Get SF Weekly Newsletters
Pin It

Who Makes Better Indian Pizza in the Haight? 

Wednesday, Feb 25 2015
Comments (1)

There was always a lot of pizza in the Upper Haight, but now that Indian restaurant Tikka Masala has rebranded itself as Tikka Masala & Pizza and nearby Great Indian Food also launched its own pizza, there is something of an arms race afoot. I compared slices from the two.

Aside from benefiting from garlic powder and chili flakes in equal amounts, they are different in almost every respect. Tikka Masala's quarter-pie slice is twice as large for more than twice the price ($5.38 versus $2.16, after tax) and comes with more toppings, including roasted tomatoes. I had to ask the guy to reheat it, though, because it was still limp and tepid when he served it to me.

Although Great Indian's chicken was a bit more flavorful, when it came to sauce, Tikka Masala was the winner by a mile. Great Indian's sauce was too sweet and tasted like it came from a factory — as did the cheese.

The crust was one area where subjectivity was a big factor. Neither was thin or crisp, but while Tikka Masala's just salty enough, it was also tough. Great Indian's wasn't as flavorful, but the texture was better and it had a bit of char. But for me, the dead giveaway when ascertaining mediocre pizza is the section just inside the outer edge. If it bubbled or browned (Tikka Masala), great. If some dried sauce is poking from under the mozzarella (Great Indian), we had a problem.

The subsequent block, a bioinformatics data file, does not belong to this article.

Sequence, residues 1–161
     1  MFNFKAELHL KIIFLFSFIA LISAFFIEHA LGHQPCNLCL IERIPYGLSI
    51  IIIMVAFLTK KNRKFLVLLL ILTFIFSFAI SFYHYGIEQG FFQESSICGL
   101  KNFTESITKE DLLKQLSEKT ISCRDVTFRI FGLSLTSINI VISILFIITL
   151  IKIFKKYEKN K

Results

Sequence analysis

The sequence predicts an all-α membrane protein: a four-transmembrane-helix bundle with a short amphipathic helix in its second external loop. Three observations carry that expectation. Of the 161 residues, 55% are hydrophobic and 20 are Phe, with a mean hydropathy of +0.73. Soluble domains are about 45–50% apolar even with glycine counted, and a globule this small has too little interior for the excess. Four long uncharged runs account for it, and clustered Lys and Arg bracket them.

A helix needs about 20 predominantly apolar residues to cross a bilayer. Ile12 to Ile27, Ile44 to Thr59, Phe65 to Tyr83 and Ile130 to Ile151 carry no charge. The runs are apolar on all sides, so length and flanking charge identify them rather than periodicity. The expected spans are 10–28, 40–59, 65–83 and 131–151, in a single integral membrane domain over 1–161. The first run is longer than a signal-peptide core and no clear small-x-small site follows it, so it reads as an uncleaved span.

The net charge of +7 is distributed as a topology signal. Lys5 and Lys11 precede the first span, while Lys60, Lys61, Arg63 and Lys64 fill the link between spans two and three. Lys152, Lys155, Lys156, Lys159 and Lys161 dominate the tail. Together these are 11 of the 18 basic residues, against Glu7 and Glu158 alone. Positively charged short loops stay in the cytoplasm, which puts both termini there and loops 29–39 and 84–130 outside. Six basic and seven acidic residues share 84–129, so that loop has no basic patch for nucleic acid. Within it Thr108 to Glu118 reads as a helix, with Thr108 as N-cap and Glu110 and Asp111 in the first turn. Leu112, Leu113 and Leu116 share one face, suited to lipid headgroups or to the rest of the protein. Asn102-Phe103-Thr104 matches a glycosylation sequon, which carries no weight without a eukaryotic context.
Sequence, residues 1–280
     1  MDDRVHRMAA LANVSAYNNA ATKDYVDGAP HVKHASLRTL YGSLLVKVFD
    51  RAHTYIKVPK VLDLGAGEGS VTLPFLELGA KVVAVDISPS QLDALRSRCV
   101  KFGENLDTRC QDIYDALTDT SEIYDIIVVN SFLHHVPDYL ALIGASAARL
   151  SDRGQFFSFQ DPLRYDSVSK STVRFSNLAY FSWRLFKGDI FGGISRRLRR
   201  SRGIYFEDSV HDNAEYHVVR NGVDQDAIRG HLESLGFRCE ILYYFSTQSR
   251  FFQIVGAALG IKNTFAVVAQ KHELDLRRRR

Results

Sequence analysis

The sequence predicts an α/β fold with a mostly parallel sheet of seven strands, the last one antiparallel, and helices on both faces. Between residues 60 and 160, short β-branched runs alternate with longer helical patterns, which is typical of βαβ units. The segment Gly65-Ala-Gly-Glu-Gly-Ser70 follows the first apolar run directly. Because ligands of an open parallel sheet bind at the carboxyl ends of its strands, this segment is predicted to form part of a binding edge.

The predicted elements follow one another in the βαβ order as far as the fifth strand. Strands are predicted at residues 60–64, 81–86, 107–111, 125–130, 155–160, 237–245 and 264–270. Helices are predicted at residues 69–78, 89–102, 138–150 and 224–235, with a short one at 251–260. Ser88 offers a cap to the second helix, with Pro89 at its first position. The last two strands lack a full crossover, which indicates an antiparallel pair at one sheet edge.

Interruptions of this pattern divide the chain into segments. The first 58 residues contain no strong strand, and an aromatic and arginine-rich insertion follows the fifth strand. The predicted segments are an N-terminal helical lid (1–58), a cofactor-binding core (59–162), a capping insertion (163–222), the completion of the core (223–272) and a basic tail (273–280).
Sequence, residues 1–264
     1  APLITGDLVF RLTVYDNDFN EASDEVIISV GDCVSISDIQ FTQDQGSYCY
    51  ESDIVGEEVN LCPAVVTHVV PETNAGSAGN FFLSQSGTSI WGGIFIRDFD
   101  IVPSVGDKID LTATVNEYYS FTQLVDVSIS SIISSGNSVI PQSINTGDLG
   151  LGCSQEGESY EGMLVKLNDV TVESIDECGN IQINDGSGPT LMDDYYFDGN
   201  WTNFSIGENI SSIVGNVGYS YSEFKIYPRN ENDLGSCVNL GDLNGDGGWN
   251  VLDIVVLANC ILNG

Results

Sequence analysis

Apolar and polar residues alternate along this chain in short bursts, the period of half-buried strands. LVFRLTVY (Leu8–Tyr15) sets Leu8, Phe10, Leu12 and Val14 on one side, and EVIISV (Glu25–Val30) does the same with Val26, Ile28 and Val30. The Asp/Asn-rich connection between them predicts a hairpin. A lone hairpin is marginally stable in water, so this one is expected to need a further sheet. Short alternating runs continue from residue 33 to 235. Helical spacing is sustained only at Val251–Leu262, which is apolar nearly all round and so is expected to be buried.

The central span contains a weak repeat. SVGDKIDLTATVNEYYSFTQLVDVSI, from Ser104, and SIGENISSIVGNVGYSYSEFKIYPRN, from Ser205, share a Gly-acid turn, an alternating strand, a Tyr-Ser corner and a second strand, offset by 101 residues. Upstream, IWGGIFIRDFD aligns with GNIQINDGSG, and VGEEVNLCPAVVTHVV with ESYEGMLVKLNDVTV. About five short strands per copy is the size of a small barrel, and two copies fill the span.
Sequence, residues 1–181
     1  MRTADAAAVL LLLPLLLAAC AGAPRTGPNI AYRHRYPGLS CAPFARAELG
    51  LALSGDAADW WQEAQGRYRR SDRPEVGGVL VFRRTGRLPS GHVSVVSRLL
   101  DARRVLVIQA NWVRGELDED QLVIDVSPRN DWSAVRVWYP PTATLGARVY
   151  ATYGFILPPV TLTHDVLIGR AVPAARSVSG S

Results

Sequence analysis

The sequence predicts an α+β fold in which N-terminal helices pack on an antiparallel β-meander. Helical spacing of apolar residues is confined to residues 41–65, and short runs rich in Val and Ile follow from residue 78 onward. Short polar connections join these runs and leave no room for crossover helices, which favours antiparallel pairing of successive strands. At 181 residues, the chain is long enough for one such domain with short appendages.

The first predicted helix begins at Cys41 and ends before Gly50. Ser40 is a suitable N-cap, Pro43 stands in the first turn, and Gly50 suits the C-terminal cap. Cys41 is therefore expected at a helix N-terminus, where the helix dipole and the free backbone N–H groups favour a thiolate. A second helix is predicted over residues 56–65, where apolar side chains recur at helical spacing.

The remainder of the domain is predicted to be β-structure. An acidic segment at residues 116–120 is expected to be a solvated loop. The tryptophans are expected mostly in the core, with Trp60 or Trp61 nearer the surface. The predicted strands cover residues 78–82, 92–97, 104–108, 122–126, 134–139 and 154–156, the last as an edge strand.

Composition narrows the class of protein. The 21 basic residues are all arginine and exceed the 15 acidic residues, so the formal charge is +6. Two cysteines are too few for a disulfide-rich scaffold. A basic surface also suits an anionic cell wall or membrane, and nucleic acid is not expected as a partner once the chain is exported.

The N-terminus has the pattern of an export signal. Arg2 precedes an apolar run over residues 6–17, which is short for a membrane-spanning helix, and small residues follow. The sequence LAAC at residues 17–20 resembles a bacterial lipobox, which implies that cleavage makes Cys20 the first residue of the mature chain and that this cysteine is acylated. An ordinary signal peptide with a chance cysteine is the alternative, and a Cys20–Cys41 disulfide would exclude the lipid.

Both restaurants were nearly empty at 1 p.m. Great Indian is one cavernous room. The newly renovated Tikka Masala is laid out better, and has sunlight. Even if you ignored ambience as a criterion, this was a case of getting what you paid for: Tikka Masala & Pizza was the winner.

About The Author

Pete Kane

Pete Kane

Pete Kane is a total gaylord who is trying to get to every national park before age 40

Related Locations


Showing 1-1 of 1


Comments are closed.

Popular Stories

  1. Most Popular Stories
  2. Stories You Missed
  1. Most Popular


  • clipping at Brava Theater Sept. 11
    Sub Pop recording artists 'clipping.' brought their brand of noise-driven experimental hip hop to the closing night of 2016's San Francisco Electronic Music Fest this past Sunday. The packed Brava Theater hosted an initially seated crowd that ended the night jumping and dancing against the front of the stage. The trio performed a set focused on their recently released Sci-Fi Horror concept album, 'Splendor & Misery', then delved into their dancier and more aggressive back catalogue, and recent single 'Wriggle'. Opening performances included local experimental electronic duo 'Tujurikkuja' and computer music artist 'Madalyn Merkey.'"